Fury contorted the magician’s face into something less than human, and he raised a hand to the sky, as though drawing down its angry power. An orange ball of flame began to form in his hand, growing larger and larger until he brought it before him. It pulsated with a life of its own.
“It is done,” he spat, the words coming this time from his own mouth. Suddenly, the orange ball of light burst in his hand, engulfing the entire castle and silencing all noise. The sky, the wind and the sea calmed immediately, and not a single voice could be heard in the quiet.
Ignatius the Magician looked upon his fallen foe with cruel satisfaction. With one last glance at its dead eyes and limp form, the Magician turned on his heel to follow the path through which he had entered. The ring of fire parted to let him pass, and with an imperceptible flick of his wrist, the ring of fire surged up toward the sky and inward toward its center. Its flames burned bright as it devoured the dead.
The only surviving witness to the catastrophe had watched from afar, holed up on the Isle of Roan. The Hermit had seen the walls crumble and the fire rage, had watched the beautiful castle reduced to ash, and had continued to watch, with one eye on the ruins and the other on the sky.
The fall of Avonia had not come as a surprise to him—the stars had foretold its defeat long before the Magician had declared his threat. A death star had risen years before Avonia’s fall, as the Magician gained strength and allies. The star promised fear, hunger and war for many many years. The Hermit watched, waiting to see the tiniest flicker of light, of hope, a hint of the death star’s demise. Each night he searched the heavens, and by day, he studied the ruins, even as nature reclaimed the once wild space.
Then, just the night before, he had seen it. The small burst of light, a small dot in the vast night sky. His very heart had leapt, and he had quickly sent a message to the Forest to report the change and to seek its wisdom. Then, as the sun rose in the morning, he had directed his gaze to the ruins.
A small red wolf scurried out of a small, dark cave on the Cliffside and wound its way up to disappear into the tangle of green that marked the edges of the natural balcony. Though no longer tended, the thick green leaves and vines had produced the usual stunning flowers, flowers with petals of the palest pink that curled open as the stars in the sky. As the Hermit watched, the wolf popped into view behind the flowers and hopped the broken castle wall. Slinking beneath broken rafters and sections of crumbled brick, the fox wormed its way to the center of what was once an outdoor courtyard, arranged as an alter to the Moon. In the center of a charred circle of ornate design, the fox stopped and put his nose to the ground. A moment later, he began to dig frantically at the ground, pushing dirt aside to form a small hole no more than a foot wide and of equal depth.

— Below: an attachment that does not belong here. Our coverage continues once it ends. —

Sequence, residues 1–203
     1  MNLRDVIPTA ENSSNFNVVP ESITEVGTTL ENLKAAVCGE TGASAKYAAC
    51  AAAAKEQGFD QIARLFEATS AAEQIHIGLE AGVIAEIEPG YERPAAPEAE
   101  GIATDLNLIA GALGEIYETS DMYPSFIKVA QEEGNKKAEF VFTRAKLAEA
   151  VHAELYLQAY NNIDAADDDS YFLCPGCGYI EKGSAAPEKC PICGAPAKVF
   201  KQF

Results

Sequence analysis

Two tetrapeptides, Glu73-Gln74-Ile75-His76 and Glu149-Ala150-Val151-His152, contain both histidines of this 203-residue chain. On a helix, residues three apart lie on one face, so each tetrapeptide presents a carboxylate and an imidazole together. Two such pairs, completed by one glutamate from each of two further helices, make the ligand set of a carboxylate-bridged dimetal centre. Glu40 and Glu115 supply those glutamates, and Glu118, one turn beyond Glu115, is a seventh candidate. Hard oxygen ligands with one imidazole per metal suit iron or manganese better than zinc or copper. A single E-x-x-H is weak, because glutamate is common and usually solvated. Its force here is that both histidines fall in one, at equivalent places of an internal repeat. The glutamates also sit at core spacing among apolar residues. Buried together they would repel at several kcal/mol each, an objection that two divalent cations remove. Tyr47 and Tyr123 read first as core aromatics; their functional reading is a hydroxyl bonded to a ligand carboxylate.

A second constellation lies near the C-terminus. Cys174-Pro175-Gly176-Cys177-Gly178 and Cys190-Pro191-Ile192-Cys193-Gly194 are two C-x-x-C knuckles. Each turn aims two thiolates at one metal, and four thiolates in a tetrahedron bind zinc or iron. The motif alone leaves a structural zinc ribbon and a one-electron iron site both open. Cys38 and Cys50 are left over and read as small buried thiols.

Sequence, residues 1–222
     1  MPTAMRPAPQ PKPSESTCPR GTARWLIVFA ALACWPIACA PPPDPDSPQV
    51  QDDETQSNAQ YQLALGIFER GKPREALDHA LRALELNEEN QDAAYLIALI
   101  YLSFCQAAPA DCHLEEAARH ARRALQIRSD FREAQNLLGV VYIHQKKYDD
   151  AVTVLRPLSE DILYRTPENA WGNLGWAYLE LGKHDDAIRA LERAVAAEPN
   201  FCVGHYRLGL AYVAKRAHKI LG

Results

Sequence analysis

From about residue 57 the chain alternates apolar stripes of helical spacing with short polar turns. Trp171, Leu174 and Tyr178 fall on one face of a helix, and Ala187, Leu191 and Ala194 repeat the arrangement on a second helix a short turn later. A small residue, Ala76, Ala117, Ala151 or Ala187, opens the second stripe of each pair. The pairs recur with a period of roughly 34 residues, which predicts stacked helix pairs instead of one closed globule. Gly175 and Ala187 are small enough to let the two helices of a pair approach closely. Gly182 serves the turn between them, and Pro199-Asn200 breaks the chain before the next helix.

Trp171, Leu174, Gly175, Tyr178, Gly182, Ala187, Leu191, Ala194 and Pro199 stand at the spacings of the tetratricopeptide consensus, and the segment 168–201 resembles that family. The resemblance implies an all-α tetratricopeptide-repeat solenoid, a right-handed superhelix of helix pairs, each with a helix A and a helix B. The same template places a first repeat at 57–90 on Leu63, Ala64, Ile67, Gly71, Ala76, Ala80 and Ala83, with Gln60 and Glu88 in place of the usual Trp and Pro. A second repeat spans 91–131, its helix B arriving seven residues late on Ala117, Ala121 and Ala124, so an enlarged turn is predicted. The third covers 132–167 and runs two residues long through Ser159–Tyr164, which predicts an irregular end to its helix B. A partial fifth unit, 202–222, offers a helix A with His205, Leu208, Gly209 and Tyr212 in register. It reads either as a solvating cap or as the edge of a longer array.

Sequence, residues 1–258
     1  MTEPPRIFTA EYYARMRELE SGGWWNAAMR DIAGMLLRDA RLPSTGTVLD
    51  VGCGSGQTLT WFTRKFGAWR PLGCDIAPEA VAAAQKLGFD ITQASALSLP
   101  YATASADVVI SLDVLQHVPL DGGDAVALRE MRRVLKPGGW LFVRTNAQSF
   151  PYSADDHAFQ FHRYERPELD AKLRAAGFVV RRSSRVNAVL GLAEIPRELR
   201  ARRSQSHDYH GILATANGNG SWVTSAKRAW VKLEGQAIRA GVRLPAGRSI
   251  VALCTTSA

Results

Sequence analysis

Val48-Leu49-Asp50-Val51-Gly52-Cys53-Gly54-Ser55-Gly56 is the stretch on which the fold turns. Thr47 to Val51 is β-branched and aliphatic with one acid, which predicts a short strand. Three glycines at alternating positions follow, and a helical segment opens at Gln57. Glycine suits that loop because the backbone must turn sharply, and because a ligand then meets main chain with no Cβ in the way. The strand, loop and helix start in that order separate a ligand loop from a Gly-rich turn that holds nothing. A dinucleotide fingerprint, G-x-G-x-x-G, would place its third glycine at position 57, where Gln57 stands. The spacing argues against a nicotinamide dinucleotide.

Abruptly, he stopped and scampered back into the hidden crevices of the cliffs, lost in the summer foliage. As the Hermit continued to watch, an owl soared through the air, just above the ground. As he neared the small depression the fox had created, something shiny slipped from his talons and into the dirt.
The Hermit watched transfixed as the fox rushed out of hiding and to the hole now laden with treasure, and began to fill the depression. Patting down the area to disguise the covert burial, the fox kicked his feet into the air and scampered from the ruins, traveling along the cliffsides to the mainland.